Like most Gen Zers on the app, Consani simply posts what comes to mind. Most of the viral videos you'll see of her screaming on the subway are just short clips that she and her hometown friends will post on the go. She first uploaded her videos directly to her Finsta, but after some coaxing from friends, Consani decided to post to her main account. It's not an act, Consani tells me. She really is just that unhinged in real life, and according to her, it's one of the things that she'll never give up. "I think [TikTok] has shifted into more of my job in some ways, which I really try to stay away from. I don't enjoy getting paid for TikTok, as privileged as that sounds," she admits. "I think that's the one aspect of my life that I can fully control. My videos aren't about anything—I'm just really posting what I think is funny."

In our digital age, parasocial relationships are the new normal. If you open Consani's comment section on any given video, you'll see what I mean: "I need to be friends with her." "In another life, we walked the mile together in PE." "They can never make me hate you." Although she's built a loyal army, Consani says there's a human element that comes into play in separating Alexandra, the celebrity, and Alex, the normal person. "The number of people [who follow me] can never really hit your head unless you see it in person," she says. "For me, as corny as it sounds, I feel like it's not even about that. I'm so blessed that I have people listening to me in the first place."

Alex Consani photoshoot image for Who What Wear June 2024 issue.

(Image credit: Emmie America. Styling: Miu Miu dress and briefs; Manolo Blahnik shoes courtesy of Albright Fashion Library)

Consani has modeling and TikTok squarely under her belt, so what's next? She tells me she's taken up acting classes after having starred in a short film called Paradigm Trilogy. In it, she plays a tortured model who shaves her head. Consani says the silver screen is up next for Ms. Mawma's worldwide domination: "I'm trying to get in the coms, the roms, and the yawns, babe."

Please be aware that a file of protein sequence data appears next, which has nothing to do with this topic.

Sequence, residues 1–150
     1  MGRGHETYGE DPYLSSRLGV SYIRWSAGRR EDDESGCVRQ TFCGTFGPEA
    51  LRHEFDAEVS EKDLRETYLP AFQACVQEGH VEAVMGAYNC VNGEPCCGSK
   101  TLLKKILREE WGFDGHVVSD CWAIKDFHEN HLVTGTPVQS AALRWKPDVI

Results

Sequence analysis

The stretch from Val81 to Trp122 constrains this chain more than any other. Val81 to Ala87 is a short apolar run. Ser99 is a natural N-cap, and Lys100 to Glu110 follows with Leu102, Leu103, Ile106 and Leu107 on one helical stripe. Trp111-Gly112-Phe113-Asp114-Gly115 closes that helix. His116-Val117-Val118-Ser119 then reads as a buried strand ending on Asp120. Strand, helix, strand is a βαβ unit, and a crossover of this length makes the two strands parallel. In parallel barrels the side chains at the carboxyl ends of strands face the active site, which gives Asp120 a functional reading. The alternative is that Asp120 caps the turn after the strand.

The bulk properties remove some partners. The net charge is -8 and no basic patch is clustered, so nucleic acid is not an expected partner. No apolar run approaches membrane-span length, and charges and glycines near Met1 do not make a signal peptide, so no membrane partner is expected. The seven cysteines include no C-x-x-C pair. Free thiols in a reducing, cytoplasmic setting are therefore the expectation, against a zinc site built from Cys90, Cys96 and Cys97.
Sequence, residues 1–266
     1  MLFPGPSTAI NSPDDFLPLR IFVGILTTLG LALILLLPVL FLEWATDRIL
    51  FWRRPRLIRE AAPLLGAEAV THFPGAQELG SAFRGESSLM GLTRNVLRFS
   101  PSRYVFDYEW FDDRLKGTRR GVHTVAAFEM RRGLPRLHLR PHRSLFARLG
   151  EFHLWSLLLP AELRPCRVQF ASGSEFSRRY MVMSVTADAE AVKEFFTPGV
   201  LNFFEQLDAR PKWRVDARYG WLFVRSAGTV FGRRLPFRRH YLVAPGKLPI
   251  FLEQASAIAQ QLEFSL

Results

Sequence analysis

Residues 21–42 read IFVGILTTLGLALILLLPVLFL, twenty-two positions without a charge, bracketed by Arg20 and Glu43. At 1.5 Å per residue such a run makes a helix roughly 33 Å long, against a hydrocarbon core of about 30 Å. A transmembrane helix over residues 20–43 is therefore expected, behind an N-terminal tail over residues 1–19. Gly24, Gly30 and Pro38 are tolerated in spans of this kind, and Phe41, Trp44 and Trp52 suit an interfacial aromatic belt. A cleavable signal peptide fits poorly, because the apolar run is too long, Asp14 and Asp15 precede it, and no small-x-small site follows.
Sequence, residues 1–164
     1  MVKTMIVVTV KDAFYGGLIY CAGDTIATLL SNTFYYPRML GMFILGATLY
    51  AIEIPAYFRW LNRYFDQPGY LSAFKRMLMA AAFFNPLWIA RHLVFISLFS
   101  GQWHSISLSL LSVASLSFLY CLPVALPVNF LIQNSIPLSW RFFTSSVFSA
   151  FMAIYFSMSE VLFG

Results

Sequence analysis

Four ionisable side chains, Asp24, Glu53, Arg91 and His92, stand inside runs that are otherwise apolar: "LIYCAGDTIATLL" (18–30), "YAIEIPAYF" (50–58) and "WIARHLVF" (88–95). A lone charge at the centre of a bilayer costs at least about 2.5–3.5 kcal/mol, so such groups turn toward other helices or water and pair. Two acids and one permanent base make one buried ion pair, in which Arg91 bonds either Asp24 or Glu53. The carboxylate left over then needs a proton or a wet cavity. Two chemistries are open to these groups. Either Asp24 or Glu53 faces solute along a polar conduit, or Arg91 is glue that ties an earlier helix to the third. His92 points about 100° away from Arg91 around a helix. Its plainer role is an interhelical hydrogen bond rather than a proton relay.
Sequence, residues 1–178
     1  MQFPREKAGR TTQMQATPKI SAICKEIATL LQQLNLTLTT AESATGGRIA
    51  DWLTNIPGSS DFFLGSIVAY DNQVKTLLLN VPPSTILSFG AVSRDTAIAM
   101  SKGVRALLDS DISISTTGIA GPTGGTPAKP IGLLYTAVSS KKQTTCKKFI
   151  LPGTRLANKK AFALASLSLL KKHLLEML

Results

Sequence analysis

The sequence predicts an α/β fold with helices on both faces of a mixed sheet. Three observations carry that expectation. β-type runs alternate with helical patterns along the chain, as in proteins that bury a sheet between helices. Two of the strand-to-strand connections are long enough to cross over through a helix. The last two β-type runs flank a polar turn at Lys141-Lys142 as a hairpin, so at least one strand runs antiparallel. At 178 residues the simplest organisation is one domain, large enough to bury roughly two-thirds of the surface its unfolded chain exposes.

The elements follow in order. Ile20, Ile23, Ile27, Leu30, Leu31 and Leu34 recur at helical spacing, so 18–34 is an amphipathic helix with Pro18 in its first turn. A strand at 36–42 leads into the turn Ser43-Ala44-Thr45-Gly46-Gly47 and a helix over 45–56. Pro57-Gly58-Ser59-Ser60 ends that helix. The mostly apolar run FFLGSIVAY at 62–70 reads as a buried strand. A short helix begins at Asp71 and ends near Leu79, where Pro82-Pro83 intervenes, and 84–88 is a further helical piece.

Fashion, though, will forever be her first love. Consani has built a cult of personality that surrounds her every move, whether it be walking in runway shows or advocating for trans, Black, plus-size, and non-able-bodied models. As she puts it, it's not stopping anytime soon.

Alex Consani photoshoot image for Who What Wear June 2024 issue.

(Image credit: Emmie America. Styling: Miu Miu dress and briefs; Manolo Blahnik shoes courtesy of Albright Fashion Library)

Despite the diamond necklaces and fabulous clothing, I get the sense that Consani is just a girl with an iPhone camera, and under it all, she is doing all of these things for her younger self. Earlier this year, a grainy video of the then 12-year-old model on set surrounded by older trans women of color went viral. In it, Consani is facing the camera with glitter on her eyelids, proclaiming that her dream is to live in a world where models don't need to be male or female and can simply just be beautiful. By all standards, she's realized her dream. When I ask her about that moment, her eyes grow soft. "To little Alex, I'd say be patient and keep fighting for what you believe in. Don't be persuaded by anyone or anything," she tells me. "If people continue to use their voice and speak up and say what they believe, I can definitely see change happening. At the end of the day, we don't ask for change. We demand change. That's it, period."

Talent: Alex Consani
Photographer:
Emmie America at Saint Luke Artists
Stylist:
Natalie Tauger
Hairstylist:
Ginger Leigh Ryan
Makeup Artist:
Kuma
Manicurist:
Kiera Arneaud
Production Design:
Laura Hugh
Art Director:
Natalia Sztyk
Producer:
Eventure Production
Video Director:
Samuel Schultz
DP:
Sam Miron
First AC:
Mike Ciecierski
Sound:
Jose Gonzalez
Associate Video Producer:
Kellie Scott
Executive Director, Entertainment:
Jessica Baker
Designer:
Ally Quirk
Copy Editor: Jaree Campbell

Alex Consani Who What Wear June 2024 Cover Image

(Image credit: Emmie America. Styling: custom shirt; Dion Lee skirt; Manolo Blahnik shoes)

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Ana Escalante is an award-winning journalist and Gen Z editor whose work ranges from dissecting size inclusivity at fashion week to discussing how American Girl Doll meme accounts are the the answer to society's collective spiral. She's covered it all: Queen Elizabeth II's corgis, Roe v. Wade frontline protests, and the emergence of jorts (or jean shorts for the uninitated). At Who What Wear, Ana is responsible for delivering smart, insightful, personality-driven shopping guides and trend features for a digital-first generation.Before joining Who What Wear, Ana was Glamour magazine's editorial assistant, where she focused on daily news and special packages, including leading the brand's 2022 Met Gala coverage. For more than half a decade, she has covered style, beauty, and digital culture for publications such as Paper magazine, Harper's Bazaar, Vogue Japan, and Allure, among others. Ana has been called a rising star in media by publications such as Nylon and Teen Vogue. (Her mother, meanwhile, calls her "the coolest person" she knows.)